Phoenix seems to be experiencing a restaurant renaissance. Loads of new establishments are opening in adaptive reuse projects, saving old spaces from ruin (which is almost an antidote to the Phoenix curse, where we tear down anything over 10 years old), or developing mini-outposts of culture and cuisine. No area is more true to this dynamic than 7th Street, just north of Camelback. Tucked into The Colony, a sweet suite of local businesses, is Casa Añejo, whose name is a nod to finer aged tequilas (which you’ll find in abundant supply). While you might swing by for some tequila, you’ll stay for the food and style.
The first impression at Casa Añejo comes from the hostess stand—a giant half avocado, the pit obscuring the laptop used for reservations. Charming hostesses wearing matching necklaces and similarly designed outfits greet you with smiles. This is a theme at Casa Añejo—employees wear similar shirts, their functions distinguished by color (bussers one color, bartenders and servers another), which makes finding help easy. Not that we needed to ask—a dizzying array of well-trained staff swooped in unsummoned to cater to our every whim.
Their website describes the space as indoor-outdoor dining, which is true. Sliding glass walls disappear to bring the outside in. Ample fans, misters and outdoor A/C help you forget it’s summertime. Designed by HGTV star Alison Victoria, the space is gorgeous. Saltillo tile looks as if it was repurposed from an old hacienda. Beautiful colored tiles adorn the walls and carry into the open kitchen. Charming hand lights found in the kitchen reappear in the restroom as hangers. Wood tables and chairs echo the mid-century elements of the neighborhood. Simply put—it’s well done and quite lovely.
The guacamole options here are endless. Order with a guacamole bingo card and stamper—just mark your choices and leave your slip on the table. We went for the crab upgrade ($1.50), which was remarkable: silky, slightly smoky flavor with loads of lime, so tasty we eventually ditched the chips for forkfuls of the stuff. See the menu for rotating guac options. Upgrades range from 50 cents to $1.50 for crab, shrimp or bacon. Thick, perfectly salty house-made chips round out the selection.
I’ve never skipped the street corn anywhere, and Casa Añejo’s is no exception ($6). It’s served carefully cut off the cob (thank you!). You’ll notice the kicky smoke from the grill and love the dusting of crushed Chili Cheese Fritos on top. The ceviche is top notch ($14). Divine nuggets of scallops, calamari and shrimp swim in tart, freshly squeezed lime juice, served with freshly made plantain and tortilla chips. These were all so tasty we made our own little nachos with chips, guac and ceviche. Please consider putting this on the menu—just call it the Sloane.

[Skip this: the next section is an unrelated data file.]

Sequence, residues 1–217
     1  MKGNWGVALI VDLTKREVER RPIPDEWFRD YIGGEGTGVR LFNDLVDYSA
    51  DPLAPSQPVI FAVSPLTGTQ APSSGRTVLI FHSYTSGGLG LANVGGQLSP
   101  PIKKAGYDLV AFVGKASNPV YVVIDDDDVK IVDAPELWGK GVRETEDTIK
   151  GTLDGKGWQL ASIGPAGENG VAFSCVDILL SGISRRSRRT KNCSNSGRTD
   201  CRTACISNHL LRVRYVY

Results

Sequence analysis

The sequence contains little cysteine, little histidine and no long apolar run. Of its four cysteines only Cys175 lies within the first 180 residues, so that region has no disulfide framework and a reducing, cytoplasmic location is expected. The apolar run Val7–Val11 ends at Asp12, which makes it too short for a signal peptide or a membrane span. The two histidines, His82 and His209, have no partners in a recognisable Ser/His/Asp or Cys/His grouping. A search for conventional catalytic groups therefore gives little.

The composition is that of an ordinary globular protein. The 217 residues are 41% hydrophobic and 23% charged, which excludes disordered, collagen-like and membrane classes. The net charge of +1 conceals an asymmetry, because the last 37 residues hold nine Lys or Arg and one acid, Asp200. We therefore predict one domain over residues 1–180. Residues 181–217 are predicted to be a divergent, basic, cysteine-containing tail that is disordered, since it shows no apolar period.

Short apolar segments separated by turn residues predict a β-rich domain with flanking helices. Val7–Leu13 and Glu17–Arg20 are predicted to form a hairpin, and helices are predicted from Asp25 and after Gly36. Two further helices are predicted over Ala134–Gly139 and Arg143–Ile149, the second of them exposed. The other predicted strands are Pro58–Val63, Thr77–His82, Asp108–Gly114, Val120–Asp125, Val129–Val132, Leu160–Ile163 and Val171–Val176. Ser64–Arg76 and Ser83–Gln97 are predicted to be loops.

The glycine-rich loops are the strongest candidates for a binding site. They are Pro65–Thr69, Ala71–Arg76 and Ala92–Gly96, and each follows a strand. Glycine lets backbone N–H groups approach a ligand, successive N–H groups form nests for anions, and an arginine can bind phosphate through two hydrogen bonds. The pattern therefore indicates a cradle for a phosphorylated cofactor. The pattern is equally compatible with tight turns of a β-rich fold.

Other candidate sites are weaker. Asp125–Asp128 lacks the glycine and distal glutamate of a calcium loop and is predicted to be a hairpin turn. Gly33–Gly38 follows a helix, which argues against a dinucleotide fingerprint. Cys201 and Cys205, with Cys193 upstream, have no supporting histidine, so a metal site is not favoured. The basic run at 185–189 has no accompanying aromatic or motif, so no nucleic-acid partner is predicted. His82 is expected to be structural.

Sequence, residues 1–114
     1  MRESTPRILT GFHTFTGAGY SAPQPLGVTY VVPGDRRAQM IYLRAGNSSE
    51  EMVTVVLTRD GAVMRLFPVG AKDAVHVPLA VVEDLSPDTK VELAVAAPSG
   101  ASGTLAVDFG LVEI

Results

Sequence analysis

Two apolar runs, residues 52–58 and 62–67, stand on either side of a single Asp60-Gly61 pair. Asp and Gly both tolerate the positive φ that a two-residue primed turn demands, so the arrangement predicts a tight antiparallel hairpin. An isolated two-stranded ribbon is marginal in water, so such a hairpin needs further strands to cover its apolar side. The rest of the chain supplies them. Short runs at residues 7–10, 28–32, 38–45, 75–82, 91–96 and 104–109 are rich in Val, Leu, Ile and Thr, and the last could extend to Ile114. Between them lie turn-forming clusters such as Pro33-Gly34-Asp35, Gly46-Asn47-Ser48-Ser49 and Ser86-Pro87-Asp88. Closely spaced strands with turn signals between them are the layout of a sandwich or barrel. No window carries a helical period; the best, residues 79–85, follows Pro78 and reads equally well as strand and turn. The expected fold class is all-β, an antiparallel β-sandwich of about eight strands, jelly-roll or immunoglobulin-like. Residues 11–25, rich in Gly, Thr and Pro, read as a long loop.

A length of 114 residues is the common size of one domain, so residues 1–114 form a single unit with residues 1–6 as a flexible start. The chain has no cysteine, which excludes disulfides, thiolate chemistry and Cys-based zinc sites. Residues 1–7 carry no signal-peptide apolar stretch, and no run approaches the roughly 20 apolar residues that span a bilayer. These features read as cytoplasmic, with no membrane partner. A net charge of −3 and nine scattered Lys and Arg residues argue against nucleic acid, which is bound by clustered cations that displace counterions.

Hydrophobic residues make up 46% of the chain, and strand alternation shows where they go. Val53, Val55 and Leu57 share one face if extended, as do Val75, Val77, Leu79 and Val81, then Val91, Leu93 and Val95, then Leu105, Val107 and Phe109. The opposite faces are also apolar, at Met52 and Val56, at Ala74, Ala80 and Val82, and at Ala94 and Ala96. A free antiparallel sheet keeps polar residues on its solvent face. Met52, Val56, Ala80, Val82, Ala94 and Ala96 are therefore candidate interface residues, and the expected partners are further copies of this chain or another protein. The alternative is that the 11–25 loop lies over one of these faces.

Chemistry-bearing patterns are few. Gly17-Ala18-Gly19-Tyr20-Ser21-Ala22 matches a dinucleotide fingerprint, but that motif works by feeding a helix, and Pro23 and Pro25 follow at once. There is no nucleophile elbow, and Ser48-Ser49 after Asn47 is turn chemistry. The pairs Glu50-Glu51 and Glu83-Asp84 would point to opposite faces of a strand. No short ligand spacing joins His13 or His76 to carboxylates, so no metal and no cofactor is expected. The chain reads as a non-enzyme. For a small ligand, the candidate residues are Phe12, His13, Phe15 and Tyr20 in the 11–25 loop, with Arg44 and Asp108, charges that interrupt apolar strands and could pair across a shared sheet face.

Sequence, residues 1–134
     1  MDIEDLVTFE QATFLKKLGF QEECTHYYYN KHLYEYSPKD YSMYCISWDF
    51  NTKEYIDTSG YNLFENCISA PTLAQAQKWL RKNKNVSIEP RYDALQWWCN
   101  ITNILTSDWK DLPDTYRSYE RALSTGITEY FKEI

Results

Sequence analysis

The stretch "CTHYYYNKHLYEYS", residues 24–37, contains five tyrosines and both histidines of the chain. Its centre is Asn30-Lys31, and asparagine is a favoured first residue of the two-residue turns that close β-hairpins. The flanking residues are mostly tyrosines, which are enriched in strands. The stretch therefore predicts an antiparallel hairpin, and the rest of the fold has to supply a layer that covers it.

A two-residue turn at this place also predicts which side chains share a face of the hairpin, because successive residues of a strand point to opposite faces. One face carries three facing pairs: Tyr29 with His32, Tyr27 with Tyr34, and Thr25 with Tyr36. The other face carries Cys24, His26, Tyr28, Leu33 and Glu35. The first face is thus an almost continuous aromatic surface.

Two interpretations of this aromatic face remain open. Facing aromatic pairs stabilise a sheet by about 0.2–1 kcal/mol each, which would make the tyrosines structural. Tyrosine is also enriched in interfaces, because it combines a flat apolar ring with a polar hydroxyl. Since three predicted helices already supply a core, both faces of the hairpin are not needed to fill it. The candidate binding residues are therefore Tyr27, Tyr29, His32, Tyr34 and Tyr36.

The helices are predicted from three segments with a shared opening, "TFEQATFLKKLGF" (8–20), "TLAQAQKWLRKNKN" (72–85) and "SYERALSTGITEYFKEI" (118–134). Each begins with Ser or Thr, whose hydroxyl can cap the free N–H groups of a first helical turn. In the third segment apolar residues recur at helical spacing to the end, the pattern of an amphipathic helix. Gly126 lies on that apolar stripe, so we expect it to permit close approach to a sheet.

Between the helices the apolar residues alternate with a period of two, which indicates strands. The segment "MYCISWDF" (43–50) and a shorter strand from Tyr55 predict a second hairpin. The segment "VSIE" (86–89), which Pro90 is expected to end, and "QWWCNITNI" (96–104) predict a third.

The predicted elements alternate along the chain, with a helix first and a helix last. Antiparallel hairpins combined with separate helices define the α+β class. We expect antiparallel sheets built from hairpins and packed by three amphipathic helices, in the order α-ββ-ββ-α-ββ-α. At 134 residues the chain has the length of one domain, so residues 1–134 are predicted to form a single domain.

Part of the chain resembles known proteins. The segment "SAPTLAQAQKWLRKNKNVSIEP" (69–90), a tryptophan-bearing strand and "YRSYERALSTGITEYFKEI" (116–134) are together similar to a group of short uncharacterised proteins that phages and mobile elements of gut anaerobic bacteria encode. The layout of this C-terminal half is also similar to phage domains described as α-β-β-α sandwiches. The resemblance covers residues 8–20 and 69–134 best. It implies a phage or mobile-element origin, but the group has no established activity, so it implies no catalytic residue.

Tacos, in my opinion, are where Casa Añejo really shines. Each order comes three to a plate. Served on enormous house-made tortillas (sensing a theme yet?), these aren’t the tacos you’d expect. First—size. They are no shrinking violets. We were quite surprised when a massive plate of Crispy Octopus tacos appeared ($11). I’m certain there was a whole cephalopod on that plate. The warm, crispy, succulent octopus comes with excellent pickled slaw and jalapeno crema perched atop. One of my guests had not tried octopus before. Not gonna lie, she was nervous. However, these were so accessible and tasty, I had to fight for the last one. I would also consider buying their jalapeno crema in bulk if they would bottle it (pretty please).
I have a soft spot for ground beef tacos, and if you’re like me you’ll gravitate toward the Doble ($12), a double-decker taco with both a cruncy and soft shell, with a frijole smear. Somehow the ground beef here manages to be both delicate and melt in your mouth. I’ll confess my palate was a little confused—double-decker taco screams Taco Bell, but that is strictly where the comparison ends. These slightly salty (in the best way) tacos feel like a steal at this price. While I loved them, I did wonder if there could be a bit of hot sauce for a quick dash. They didn’t really need the heat, but I did feel they could have used a titch of something wet.
I loved the Sonoran Dog ($11), a giant plate of house-made bollio roll with a perfectly cooked frank wrapped in crisp, smoky bacon. Somehow the frank managed to maintain the “snap” from the casing, which is no small feat considering the beans, bread, avocado and crema drizzles on top. I shared this with another person, and there were still leftovers.
Don’t skip dessert. If you do, you’ll miss the warm, slightly sticky, fresh-out-of-the-fryer plate of churros ($9). Served with three excellent sauces (chocolate, pineapple and strawberry, which tasted like Strawberry Quick in the best nostalgic way possible), the half a dozen half-sized churros will be consumed in a flash.
As for drinks—I am still thinking about the Watermelon Margarita ($12). To be fair, I didn’t think “marg” when I drank this. I was mesmerized by the smoky feel the reposado tequila gave it. Paired with ground black pepper to cut the cloying sweetness of fresh watermelon juice, this is a perfect, slightly savory, not-so-sweet summer cocktail.
Casa Añejo is gorgeous. It’s a beautiful addition to a neighborhood that is exploding with restaurants and choices. I would happily choose this place again.